Don't worry.  First of all:
a) overdesign (you hope)
b) quality control (you hope)
c) redundancy (required)
d) service (required)

But as an EE, your eyes open up a bit. 

Inductors + resistors + capacitors = OpAmps = circuits = ones/zeroes

You hope someone along the line did their job and did it well.

Thursday, January 16, 2014

The Job - pt 2

The first question is:  Why electrical engineering -> programming -> babysitting?

I've thought about that question over the years.  I think there are two reasons:

a) My sister
b) Drama club!

As these years pass, and I continue to barely speak to her (we've exchanged maybe 2-3 sentences over the last 5 years), I come to the realization that my sister never did like me that much.  But, she didn't really hate me - to be clear.  But she didn't want to hang out with me and just be with me.  Which makes pictures of my kids enjoying just being with each other all the more enjoyable:

And because I didn't have a "bud", what I learned was that computers were interesting.  They liked to play games (I like games where the outcome is never the same each time).  They were willing to play whenever you wanted to play.  And you could play as long as you wanted (or until the modem hung up on you).  And remember this was the days of a green screen with block characters - not Xbox or Playstation.

And then drama club:  putting plays together.  I was never really big on acting, but it was enjoyable being backstage, being in on the "secret" that those in the audience couldn't see.  Also it was a required "ballet" of everyone working in a coordinated manner to produce something.  It was also interesting how people who hated each other could suspend that dislike for each other for the 5 minutes or so they shared the stage together.

So when it came time to think about my career future, I remember that a stage electrician told me that I would probably make a good stage electrician (if you show up on time and not strung out on drugs, you make a good stage "anything" in the theater).  Hmmm, technical theater major.  Or, a programmer.  And when I become this programmer, I can write games! (I was already writing rudimentary programs while in high school).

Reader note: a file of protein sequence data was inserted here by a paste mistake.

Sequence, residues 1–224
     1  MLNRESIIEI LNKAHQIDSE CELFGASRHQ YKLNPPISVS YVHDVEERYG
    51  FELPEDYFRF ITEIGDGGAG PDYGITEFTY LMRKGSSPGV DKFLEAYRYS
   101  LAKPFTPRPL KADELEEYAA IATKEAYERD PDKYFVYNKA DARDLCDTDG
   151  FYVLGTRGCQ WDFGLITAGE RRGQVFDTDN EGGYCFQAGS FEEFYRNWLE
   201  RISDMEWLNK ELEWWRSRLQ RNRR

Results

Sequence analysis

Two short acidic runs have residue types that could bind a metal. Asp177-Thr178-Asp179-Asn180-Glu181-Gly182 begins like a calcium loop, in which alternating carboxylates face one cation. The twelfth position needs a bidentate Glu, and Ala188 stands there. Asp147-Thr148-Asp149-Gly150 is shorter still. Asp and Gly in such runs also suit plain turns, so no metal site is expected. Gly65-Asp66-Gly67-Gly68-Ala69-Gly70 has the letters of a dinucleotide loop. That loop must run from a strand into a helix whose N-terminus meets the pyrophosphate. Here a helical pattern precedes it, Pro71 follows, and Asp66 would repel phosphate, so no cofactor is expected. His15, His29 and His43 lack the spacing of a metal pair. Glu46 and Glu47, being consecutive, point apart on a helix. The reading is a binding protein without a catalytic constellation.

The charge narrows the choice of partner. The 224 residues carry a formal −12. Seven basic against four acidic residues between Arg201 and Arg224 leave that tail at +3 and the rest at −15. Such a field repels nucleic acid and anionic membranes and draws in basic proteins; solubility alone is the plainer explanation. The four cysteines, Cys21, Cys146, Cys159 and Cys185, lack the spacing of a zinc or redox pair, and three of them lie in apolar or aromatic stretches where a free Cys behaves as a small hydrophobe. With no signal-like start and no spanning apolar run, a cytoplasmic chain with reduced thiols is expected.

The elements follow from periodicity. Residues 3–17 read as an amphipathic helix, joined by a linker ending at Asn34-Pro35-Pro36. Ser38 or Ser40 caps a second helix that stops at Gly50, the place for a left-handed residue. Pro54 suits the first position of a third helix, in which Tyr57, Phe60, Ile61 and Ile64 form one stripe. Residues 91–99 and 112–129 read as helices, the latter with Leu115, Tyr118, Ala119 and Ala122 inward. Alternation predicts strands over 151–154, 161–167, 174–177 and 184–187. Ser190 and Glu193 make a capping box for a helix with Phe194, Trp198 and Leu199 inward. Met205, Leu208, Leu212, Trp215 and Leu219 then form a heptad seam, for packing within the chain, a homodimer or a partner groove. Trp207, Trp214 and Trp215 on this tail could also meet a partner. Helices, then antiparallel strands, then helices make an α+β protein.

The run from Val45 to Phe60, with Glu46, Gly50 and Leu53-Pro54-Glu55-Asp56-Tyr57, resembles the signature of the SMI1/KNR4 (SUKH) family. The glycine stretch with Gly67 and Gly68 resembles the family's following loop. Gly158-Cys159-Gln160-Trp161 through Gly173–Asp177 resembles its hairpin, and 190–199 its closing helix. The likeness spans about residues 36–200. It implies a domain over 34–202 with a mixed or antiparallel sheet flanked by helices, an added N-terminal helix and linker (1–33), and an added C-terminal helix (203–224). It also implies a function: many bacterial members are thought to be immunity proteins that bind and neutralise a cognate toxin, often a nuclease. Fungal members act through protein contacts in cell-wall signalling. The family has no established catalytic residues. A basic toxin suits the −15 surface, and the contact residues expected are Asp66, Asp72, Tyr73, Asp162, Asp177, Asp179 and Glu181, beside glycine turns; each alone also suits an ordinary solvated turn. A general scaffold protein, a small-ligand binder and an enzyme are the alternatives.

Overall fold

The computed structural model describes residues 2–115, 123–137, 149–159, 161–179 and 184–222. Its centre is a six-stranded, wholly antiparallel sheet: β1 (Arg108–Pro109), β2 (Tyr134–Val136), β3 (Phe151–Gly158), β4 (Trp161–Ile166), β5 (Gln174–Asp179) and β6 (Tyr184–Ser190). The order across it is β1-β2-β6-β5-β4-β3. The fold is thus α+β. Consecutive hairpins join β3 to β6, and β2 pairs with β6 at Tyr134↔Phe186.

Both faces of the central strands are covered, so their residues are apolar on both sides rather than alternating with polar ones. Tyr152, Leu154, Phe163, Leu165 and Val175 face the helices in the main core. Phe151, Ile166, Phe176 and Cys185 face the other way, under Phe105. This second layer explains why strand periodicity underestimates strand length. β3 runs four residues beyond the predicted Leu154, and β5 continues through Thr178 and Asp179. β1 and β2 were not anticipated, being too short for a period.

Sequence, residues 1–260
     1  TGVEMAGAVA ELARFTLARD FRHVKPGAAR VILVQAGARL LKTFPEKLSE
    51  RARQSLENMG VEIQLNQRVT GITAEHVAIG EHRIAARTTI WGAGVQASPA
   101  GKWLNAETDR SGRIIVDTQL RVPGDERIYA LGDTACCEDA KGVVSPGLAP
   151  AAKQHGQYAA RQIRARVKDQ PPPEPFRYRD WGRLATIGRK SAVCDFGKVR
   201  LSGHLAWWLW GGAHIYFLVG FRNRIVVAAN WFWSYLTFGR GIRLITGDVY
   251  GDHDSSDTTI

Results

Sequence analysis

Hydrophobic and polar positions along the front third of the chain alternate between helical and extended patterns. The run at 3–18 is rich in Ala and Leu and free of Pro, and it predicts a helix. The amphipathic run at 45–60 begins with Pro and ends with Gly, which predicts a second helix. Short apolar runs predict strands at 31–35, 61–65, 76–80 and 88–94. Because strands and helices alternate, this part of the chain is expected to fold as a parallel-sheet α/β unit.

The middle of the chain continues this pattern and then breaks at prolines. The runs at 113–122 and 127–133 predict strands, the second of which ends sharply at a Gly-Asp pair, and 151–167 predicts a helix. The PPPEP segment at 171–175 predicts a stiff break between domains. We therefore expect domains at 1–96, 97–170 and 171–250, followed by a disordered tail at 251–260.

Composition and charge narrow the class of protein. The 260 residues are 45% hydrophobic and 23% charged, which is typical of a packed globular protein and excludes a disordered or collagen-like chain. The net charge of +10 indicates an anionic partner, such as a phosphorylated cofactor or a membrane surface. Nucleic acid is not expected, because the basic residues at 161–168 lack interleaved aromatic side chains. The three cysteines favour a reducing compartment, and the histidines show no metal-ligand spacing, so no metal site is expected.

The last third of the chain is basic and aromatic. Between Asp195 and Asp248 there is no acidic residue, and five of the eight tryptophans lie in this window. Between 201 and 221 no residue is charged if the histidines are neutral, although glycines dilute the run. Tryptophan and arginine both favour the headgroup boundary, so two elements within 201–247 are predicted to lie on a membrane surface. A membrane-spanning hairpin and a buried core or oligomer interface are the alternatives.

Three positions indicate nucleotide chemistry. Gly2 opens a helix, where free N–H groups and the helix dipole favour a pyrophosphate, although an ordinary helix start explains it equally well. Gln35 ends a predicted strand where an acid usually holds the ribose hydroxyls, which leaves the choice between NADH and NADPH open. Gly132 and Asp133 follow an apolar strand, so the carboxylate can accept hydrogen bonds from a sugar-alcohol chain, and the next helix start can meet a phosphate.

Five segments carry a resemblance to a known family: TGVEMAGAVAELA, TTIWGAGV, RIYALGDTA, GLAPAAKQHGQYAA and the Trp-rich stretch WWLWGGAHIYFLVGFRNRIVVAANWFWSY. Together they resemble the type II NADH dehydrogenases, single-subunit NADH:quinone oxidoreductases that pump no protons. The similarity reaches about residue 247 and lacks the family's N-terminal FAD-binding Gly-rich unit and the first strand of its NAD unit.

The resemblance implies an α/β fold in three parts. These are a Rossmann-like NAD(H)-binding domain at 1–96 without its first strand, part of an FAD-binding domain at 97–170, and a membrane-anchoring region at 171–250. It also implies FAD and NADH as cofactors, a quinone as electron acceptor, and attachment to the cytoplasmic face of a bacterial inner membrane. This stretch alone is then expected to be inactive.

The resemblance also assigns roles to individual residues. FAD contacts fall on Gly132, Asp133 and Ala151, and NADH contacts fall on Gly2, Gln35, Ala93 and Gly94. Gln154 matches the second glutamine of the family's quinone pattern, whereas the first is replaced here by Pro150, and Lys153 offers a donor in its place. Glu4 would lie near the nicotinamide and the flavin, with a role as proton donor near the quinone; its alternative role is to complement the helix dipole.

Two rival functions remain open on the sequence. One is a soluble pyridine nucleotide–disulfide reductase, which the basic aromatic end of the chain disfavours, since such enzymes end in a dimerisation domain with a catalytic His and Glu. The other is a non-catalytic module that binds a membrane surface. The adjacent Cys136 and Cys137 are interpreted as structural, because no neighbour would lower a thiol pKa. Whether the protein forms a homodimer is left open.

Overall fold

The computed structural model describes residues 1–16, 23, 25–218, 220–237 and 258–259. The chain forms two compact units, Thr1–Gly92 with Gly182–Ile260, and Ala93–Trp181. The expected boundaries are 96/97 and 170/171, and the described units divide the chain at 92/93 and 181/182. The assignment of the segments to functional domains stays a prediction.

So, I had a sit down talk with my Dad:
Me: Hey Dad, I think I know what I want to major in college.
Dad: Oh yeah.  [putting down the paper] What would that be?
Me: Technical theater!
Dad: What is that?
[a short explanation to him]
Dad: Well, all I'm paying for is Electrical Engineering [retired a few years ago after 40 years as a professor of Electrical Engineering]
Me: [thinking, thinking, thinking] Well, how about computer programming?
Dad: Well, if you first get an EE degree, then you'll really know how a computer works on the inside.  And after you get your EE degree, if you want, I'll pay for a Masters in computer science.
Me: [mulling, mulling, mulling] Okay, I guess.
And he was right. The analogy was I spent 4 years learning how to be a race car mechanic.  And then, I spent 2 years learning how to drive the car I could fix with my eyes closed.

But of course, I never got around to working on any part of the car.

But I could have!

At any time!

Yeah, right.

Wednesday, January 15, 2014

The Job - pt 1.

Hmmm, am I trying to avoid work?  Have there been things on my mind?  Can I actual finish off any series of blog postings that I actually start?  Eeeh [shrug].

Currently, I'm in the middle of attempting a job "backflip".  I'm trying to go backwards to my last job from my current job.  Which is tricky since I kinda burned my bridges with my last boss, but they loved me and they're willing to forgive me if I promise them I won't quit on them like last time.  I have an "interview" this afternoon so they can gauge if I'm jerking them around or not. 

But in the meantime, guardian angel manager sent me this email this morning: